When wooden horses were in use, I would have built one and left it for you.
Sixteen words, which constitute the only love letter I ever wrote, scrawled to fit the space on a bus ticket.
It was a dark night but I’d been light-fingered, and she knew it.
British Sea Power, she asked. Well, obviously.
Do You Like Rock Music? The name of their third album, released 2008. Less and less is my answer.
There was a man with a fiddle in this pub we discovered, near where we live, back when we were new here. Not rock but it rocked. The sound crashed around the furniture like a stormy sea, and the floor became hot coals. I fell in love with real ale that night.
Outside the rain whipped down from the seven hills and when we crossed the Don the wind blew through our hair and bones. It didn’t matter. We had stew and Hendo’s waiting at home.
Do You Like Rock Music?
It made the top 10, if I remember right. It caused some controversy too. It advocated immigrations, see.
It also pays tribute to Big Daddy but the newspaper articles didn’t mention that. Eighties wrestlers aren’t as scary as foreigners.
Sport though? People like that.
The doctor liked his cricket. He sat on my parents couch cheering India against England for 20 minutes before he even took my temperature. But it made me feel better, him just being there, this bloke who had travelled a continent and a half from a town on the banks of the Ganges, just to look after me.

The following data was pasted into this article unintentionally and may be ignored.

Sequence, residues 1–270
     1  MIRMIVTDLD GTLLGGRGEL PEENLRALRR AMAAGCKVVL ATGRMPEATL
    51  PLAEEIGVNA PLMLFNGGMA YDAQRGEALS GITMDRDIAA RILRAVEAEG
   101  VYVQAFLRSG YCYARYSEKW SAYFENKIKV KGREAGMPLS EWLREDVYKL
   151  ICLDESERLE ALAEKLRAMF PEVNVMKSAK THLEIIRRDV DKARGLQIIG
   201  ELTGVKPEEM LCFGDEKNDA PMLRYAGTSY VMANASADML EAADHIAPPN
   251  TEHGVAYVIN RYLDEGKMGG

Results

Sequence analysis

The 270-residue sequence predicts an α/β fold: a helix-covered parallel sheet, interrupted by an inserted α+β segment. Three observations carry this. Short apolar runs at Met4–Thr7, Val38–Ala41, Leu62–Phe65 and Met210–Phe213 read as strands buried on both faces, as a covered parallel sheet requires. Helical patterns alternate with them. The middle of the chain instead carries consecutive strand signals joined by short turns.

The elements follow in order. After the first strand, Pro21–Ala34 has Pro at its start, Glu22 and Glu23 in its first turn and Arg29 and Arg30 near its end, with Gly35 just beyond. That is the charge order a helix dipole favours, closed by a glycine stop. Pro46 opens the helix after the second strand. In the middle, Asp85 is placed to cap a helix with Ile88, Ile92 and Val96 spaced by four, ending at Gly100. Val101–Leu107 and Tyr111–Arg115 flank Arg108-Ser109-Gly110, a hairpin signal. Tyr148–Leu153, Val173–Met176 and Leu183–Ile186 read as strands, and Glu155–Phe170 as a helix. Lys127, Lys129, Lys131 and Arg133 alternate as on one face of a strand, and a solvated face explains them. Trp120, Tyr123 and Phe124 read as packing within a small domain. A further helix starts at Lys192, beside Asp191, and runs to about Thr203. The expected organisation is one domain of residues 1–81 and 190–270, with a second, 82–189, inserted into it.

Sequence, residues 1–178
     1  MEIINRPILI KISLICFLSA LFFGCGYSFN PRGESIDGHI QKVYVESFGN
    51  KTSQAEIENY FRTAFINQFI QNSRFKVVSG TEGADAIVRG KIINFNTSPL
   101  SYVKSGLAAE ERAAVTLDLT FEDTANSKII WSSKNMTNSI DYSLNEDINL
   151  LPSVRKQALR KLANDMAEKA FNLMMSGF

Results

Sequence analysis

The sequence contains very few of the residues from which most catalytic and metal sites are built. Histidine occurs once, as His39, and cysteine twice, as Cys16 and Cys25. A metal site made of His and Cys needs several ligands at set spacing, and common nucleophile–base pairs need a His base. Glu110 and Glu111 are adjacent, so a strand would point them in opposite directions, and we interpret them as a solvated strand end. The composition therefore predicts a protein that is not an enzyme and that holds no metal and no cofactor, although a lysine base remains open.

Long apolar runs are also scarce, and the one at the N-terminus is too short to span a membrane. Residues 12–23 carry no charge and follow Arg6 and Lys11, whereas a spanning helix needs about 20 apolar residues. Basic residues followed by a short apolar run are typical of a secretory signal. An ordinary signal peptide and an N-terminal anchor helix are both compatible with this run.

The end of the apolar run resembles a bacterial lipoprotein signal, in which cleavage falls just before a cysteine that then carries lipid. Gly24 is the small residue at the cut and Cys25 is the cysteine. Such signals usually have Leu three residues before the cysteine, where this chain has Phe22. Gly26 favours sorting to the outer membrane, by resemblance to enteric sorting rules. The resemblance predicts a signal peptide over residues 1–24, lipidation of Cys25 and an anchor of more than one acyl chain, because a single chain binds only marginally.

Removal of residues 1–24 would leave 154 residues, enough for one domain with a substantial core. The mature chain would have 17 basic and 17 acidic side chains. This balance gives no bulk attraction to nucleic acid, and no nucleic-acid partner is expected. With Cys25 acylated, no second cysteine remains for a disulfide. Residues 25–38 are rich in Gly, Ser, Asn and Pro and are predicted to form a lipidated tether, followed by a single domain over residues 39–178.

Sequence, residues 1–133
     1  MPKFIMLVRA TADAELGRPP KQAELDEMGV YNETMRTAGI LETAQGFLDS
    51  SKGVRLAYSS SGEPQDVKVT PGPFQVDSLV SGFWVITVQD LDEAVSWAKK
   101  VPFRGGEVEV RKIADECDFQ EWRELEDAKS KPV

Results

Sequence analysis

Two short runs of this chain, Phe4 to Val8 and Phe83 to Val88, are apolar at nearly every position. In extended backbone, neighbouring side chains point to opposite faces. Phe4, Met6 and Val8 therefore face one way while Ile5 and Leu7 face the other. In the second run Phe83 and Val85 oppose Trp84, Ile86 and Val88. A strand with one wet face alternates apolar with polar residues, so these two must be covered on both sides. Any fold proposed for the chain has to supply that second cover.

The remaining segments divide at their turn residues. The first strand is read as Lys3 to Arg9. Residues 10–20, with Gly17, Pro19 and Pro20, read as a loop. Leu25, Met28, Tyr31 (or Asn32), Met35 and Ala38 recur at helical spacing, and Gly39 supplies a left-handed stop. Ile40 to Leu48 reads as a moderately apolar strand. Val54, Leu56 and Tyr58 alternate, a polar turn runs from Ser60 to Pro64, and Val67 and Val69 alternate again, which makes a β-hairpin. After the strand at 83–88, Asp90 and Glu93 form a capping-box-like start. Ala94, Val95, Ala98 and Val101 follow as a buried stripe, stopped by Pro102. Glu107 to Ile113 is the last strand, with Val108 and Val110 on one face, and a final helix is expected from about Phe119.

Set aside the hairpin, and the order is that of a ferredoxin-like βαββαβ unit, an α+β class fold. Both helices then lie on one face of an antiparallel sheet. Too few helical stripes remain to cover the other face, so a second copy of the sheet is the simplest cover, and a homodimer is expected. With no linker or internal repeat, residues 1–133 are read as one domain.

I was sad, years later, when he died. I was sad when they said, actually, it turns out he should never have been here. Papers and passports don’t give a person his place in the world.
Immigration? It’s a minefield if you’re not armed with a chorus.
I met them at last - British Sea Power - in an Irish Centre in Leeds. Outside you were never more than a street from being mugged but inside the carpets were red and thick, and the old Yorkshire ladies sat where they’d been playing bingo since 1977.
The one who wrote the songs didn’t like journalists. He didn’t like questions about wooden horses and immigration.
It means what it means, he said. And sometimes it means nothing at all. It means something to me, I thought.
It didn’t matter. He was all sound bites and sloganeering, just like a politician, just like some middle manager. And yet the sounds he creates still soundtrack my days. For it was right what he said - words and phrases just fill time, boxes and space.